Christmas Eve is also very important in Sweden. This is when the main meal (well really a feast!) is eaten.
This is often a 'julbord' which is a buffet, eaten at lunchtime. Cold fish is important on the julbord. There is often herring (served in many different ways), gravlax (salmon which has been cured in sugar, salt and dill) and smoked salmon.
Other dishes on the julbord might include cold meats including turkey, roast beef and 'julskinka' (a Christmas ham); cheeses, liver pate, salads, pickles and different types of bread and butter (or mayonnaise). There will also be warm savoury foods including meatballs, 'prinskorv' (sausages), 'koldomar' (meat stuffed cabbage rolls), jellied pigs' feet, lutfisk (a dried cod served with a thick white sauce) and 'revbenspjäll' (oven-roasted pork ribs). Vegetables such as potatoes and red cabbage will also be served. Another potato dish is 'Janssons Frestelse' (matchstick potatoes layered with cream, onion and anchovies that is baked to a golden brown). There's also 'dopp i grytan' which is bread that is dipped in the broth and juices that are left over after boiling the ham.
The desert of the julbord might be a selection of sweet pastries, some more pepparkakor biscuits and some home made sweets!
Wow, I think I like the sound of a Jolbord! To wash all that food down you can have some 'glogg' which is sweet mulled wine and some coffee to finish off the meal!
Another popular food at Christmas in Sweden is 'risgrynsgröt' (rice porridge that's eaten with 'hallonsylt' [raspberry jam] or sprinkled with some cinnamon). It's often eaten during the evening after people have exchanged their presents.
If there is any risgrynsgröt left over, when it's cold it can be mixed with whipped cream and eaten with a warm fruit sauce. This is called 'Ris a la malta' and sounds rather yummy!
Presents are normally exchanged on Christmas Eve. People often go to Church early on Christmas morning.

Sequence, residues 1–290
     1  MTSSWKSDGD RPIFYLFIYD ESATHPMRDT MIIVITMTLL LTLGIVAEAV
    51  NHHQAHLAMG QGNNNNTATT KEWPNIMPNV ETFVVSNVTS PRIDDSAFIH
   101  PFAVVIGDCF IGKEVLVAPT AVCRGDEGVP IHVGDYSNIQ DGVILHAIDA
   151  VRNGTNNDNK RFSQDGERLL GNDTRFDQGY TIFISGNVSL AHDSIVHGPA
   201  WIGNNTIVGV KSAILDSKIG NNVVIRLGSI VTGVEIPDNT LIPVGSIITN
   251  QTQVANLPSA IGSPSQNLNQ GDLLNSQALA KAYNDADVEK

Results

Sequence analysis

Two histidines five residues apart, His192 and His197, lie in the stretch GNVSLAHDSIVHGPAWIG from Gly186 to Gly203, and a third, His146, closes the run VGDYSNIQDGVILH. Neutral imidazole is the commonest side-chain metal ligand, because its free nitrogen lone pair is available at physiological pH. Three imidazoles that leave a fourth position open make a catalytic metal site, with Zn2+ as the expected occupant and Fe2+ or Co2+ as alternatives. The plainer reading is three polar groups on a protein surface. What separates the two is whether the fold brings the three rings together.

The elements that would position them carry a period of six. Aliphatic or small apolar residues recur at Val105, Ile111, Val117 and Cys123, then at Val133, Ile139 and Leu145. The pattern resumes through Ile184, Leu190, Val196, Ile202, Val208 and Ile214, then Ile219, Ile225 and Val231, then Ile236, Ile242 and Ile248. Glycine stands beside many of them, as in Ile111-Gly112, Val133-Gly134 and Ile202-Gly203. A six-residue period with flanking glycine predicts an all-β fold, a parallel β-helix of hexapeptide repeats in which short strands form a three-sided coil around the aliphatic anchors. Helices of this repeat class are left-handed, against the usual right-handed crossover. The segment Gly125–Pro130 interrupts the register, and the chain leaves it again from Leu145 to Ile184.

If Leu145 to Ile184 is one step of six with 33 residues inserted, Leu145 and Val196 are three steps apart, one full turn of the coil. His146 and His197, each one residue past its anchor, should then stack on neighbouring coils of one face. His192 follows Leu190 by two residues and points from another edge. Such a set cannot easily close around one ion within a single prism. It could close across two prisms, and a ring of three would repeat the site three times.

Another popular and important that many Swedes do on Christmas Eve afternoon is to watch Donald Duck! Every year, since 1959, at 3.00pm on Christmas Eve, the TV station TV1 shows the Disney special "From All of Us to All of You" or in Swedish it's "Kalle Anka och hans vänner önskar God Jul" meaning "Donald Duck and his friends wish you a Merry Christmas." About 40 to 50% of the Swedish population stop to watch it!
Families sometimes have goats made of straw in the house to guard the Christmas Tree! Straw is used as a decoration in homes, to remind them that Jesus was born in a manger. Christmas Tree decorations that are made of straw are also very popular. In the city of Gävle, a huge straw goat is built every year for the start of Advent. It takes two days to put up!
In Sweden, presents might be brought by Santa called 'Jultomten' or by gnomes/elves called 'Nissar' or 'Tomte'. They're called Nisse' in Norway.
The end of Christmas in Sweden is on January 13th (twenty days after Christmas) which is called 'Tjugondag Knut' (Twentieth Day Knut) or 'Tjugondag jul' (Twentieth Day Yule) and is named after a Danish prince called Canute Lavard. On Tjugondag Knut it's traditional that the christmas Tree is taken down and and left over cookies and sweets are eaten!